Gas leak blast in Taiwan puts LCY Chemical in the limelight

Taiwanese petrochemical firm LCY Chemical Corp is in the news again. The recent headline was to do with explosions in Taiwan’s second largest city of Greater Kaohsiung, with preliminary investigations indicating that a gas leak from LCY’s pipeline may have caused explosions that killed around 28 and injured 300 people.

Meanwhile, the company claimed it had nothing to do with it. “The pipeline that caused the explosions has an 8-in diameter and does not belong to LCY Chemical. LCY Chemical’s closest pipeline has a 4-in diameter and is 10 m away from the explosion site,” company spokesperson Abby Pan told a press conference in Taipei recently.

However, Kaohsiung city officials pinned responsibility for the disaster on LCY, which uses gas piped under the city. A line channelling propene between China General Terminal& Distribution Corp. and the company’s facility showed a drop in pressure on 31 July, the city government said in a statement. LCY did not ask China General to stop delivery immediately nor did it report the readings to the environmental protection bureau, allowing a large amount of propene to leak for three hours, city officials said.

In response to this, the Deputy General Manager of LCY, Chiu Yuan-yuan, was quoted as having said that the pipeline was designed by state-run oil refiner China Petrochemical Development Corp (CPC), which is also responsible for performing regular checks on the pipeline.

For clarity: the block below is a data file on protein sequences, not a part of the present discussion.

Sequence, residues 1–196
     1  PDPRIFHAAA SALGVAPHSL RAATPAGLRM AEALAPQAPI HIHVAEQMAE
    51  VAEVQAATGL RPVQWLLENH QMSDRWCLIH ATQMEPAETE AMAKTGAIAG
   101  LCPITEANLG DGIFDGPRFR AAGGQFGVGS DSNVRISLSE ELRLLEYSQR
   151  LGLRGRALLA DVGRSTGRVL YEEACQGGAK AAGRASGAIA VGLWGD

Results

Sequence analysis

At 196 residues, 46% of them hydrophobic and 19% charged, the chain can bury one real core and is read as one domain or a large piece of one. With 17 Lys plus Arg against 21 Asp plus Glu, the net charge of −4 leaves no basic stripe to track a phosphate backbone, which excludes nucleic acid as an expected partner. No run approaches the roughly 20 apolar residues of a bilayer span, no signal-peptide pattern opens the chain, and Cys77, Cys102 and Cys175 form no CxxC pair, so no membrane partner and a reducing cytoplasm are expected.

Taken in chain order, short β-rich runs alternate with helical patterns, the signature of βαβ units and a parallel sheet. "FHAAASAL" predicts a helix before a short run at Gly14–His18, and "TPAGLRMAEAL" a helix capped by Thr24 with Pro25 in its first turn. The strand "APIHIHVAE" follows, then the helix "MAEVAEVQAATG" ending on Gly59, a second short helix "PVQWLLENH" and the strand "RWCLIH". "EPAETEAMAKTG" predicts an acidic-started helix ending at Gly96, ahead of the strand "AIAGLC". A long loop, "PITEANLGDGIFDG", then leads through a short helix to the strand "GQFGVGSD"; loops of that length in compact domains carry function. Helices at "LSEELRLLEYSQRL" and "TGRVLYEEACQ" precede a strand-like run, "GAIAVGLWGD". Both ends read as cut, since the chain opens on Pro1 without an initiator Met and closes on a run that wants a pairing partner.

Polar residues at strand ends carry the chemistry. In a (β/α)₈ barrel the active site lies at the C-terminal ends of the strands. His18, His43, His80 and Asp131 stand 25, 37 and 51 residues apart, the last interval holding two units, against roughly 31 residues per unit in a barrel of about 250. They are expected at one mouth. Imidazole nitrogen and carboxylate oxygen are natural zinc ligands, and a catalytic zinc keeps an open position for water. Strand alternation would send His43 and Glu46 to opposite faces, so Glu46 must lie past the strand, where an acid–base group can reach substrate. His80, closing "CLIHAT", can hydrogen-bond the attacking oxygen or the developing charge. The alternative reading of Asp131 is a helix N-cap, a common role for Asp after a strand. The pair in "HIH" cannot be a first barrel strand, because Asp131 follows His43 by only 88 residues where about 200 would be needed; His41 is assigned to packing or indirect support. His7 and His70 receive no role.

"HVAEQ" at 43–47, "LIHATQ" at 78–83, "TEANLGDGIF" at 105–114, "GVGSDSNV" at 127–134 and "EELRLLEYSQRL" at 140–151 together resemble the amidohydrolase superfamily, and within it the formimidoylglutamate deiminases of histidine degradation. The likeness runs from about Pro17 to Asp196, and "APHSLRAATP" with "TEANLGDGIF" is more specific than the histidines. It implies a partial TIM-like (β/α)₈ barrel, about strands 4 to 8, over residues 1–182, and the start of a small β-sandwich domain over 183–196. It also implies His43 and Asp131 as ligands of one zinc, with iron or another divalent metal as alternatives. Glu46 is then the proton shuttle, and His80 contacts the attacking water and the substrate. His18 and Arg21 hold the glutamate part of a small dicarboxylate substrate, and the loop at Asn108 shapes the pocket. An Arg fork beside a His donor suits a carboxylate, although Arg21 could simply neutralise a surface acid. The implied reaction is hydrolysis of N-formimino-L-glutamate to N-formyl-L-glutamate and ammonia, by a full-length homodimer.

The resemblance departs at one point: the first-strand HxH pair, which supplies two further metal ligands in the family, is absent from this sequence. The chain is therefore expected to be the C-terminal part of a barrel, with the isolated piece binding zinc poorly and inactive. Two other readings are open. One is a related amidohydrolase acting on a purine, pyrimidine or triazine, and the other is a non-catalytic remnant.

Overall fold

A spokesman for CPC disputed Chiu’s remarks later. Chang Jui-tsung said that CPC does not have a maintenance contract for the pipelines used by LCY to transport propene. He added that the pipeline and the right to use it belonged to LCY.

The blast had an effect on Taiwan’s stock market, especially gas and chemical firms. Among those, Asia Polymer Corp, Taita Chemical and LCY were the hardest-hit.

This is not the first time there has been a fatal gas blast in Kaohsiung. In 1997, an explosion killed 14 locals and firefighters and injured 11 when a petrochemical company was undertaking a pipeline project.

LCY had also been in the news in July. US SBC maker Kraton Performance Polymers had announced that it had put its plans to merge with LCY on the backburner, since LCY’s SBC business had declined in the first quarter of 2014 and there is expected to be a related decline in its forecasted results thereafter (


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